Mental development is not adversely affected; in fact, intelligence tends to be average to above average. With respect to the features of aging that progeria appears to manifest, the development of symptoms is comparable to aging at a rate eight to ten times faster than normal. With respect to features of aging that progeria does not exhibit, patients show no neurodegeneration or cancer predisposition. They also do not develop conditions that are commonly associated with aging, such as cataracts (caused by UV exposure) and osteoarthritis.
Although there may not be any successful treatments for progeria itself, there are treatments for the problems it causes, such as arthritic, respiratory, and cardiovascular problems. Sufferers of progeria have normal reproductive development and there are known cases of women with progeria who delivered healthy offspring.
A study from the Netherlands has shown an incidence of 1 in 20 million births. According to the Progeria Research Foundation, there are currently about 161 known cases in the world. Hundreds of cases have been reported in medical history since 1886. However, the Progeria Research Foundation believes there may be as many as 150 undiagnosed cases worldwide.
Classical Hutchinson–Gilford progeria syndrome is usually caused by a sporadic mutation taking place during the early stages of embryo development. It is almost never passed on from affected parent to child, as affected children rarely live long enough to have children themselves.
There have been only two cases in which a healthy person was known to carry the LMNA mutation that causes progeria. These carriers were identified because they passed it on to their children. One family from India has five children with progeria, though not the classical HGPS type. This family was the subject of a 2005 Bodyshock documentary titled The 80 Year Old Children. The Vandeweert family of Belgium has two children, Michiel and Amber, with classic HGPS.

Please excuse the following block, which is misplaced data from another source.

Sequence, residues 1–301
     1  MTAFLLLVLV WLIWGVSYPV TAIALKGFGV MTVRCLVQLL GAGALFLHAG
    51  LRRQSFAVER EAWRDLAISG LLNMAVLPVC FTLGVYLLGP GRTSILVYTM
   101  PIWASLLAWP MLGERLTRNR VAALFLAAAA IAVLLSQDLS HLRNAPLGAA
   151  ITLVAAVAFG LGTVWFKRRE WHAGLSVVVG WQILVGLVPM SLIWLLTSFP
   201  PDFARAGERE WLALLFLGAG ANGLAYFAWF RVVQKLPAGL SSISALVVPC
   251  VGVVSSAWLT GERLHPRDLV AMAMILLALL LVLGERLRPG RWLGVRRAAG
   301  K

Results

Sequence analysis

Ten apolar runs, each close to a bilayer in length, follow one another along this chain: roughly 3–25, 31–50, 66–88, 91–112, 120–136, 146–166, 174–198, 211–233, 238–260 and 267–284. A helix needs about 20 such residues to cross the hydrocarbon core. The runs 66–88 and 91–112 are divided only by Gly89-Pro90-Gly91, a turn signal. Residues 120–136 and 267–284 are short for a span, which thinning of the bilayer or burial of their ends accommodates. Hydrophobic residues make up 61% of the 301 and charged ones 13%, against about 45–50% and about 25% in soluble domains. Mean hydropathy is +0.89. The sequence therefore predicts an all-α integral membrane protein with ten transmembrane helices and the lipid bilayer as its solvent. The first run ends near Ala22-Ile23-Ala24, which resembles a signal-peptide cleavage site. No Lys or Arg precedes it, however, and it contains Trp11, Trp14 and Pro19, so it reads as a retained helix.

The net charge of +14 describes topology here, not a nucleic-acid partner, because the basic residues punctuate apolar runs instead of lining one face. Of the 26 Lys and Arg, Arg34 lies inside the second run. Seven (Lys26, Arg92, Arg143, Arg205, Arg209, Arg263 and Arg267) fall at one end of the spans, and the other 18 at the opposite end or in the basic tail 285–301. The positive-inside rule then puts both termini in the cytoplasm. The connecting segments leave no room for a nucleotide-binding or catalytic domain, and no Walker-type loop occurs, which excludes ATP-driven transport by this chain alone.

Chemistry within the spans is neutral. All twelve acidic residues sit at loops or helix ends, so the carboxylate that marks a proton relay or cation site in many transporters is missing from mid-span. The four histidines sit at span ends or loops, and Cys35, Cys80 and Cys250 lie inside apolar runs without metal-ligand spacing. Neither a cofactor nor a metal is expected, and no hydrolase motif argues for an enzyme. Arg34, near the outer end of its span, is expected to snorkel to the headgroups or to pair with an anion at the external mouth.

In 1987, twelve-year-old Mickey Hays, who had progeria, appeared along with Jack Elam in the documentary I Am Not a Freak. Elam and Hays first met during the filming of the 1986 film The Aurora Encounter, in which Hays was cast as an alien. The friendship that developed lasted until Hays died in 1992, age 20. Elam said, "You know I've met a lot of people, but I've never met anybody that got next to me like Mickey."
Margaret Casey, a 29-year-old progeria victim believed to be the oldest survivor of the premature aging disease, died on Sunday May 26, 1985. Miss Casey, a free-lance artist, was admitted to Yale-New Haven Hospital Saturday night May 25th with respiratory problems, which caused her death. 
Hayley Okines was an English progeria patient who spread awareness of the condition.
Perhaps one of the earliest influences of progeria on popular culture occurred in the 1922 short story "The Curious Case of Benjamin Button" by F. Scott Fitzgerald (and later released as a feature film in 2008). The main character, Benjamin Button, is born as a 70-year-old man and ages backwards; it has been suggested that this was inspired by progeria.
The 2006 movie Renaissance deals with progeria.
In Tad Williams' novel series Otherland, one of the main characters suffers from progeria.
In Chuck Palahniuk's 2005 novel Haunted the main villain is Mr. Whittier, a 13-year-old sufferer of progeria. Mr. Whittier tricked middle-aged married women to sleep with him by telling them that he was an 18-year-old virgin, he then blackmailed them into giving him money by telling them that he would charge them with statutory rape if they did not.
The 2012 Philippine melodrama series, Lorenzo's Time is about a young boy who is placed in cryonics to save him from Progeria.
A 2003 report in Nature said that progeria may be a de novo dominant trait. It develops during cell division in a newly conceived zygote or in the gametes of one of the parents. It is caused by mutations in the LMNA (lamin A protein) gene on chromosome 1; the mutated form of lamin A is commonly known as progerin. One of the authors, Leslie Gordon, was a physician who did not know anything about progeria until her own son, Sam, was diagnosed at 22 months. Gordon and her husband, pediatrician Scott Berns, founded the Progeria Research Foundation.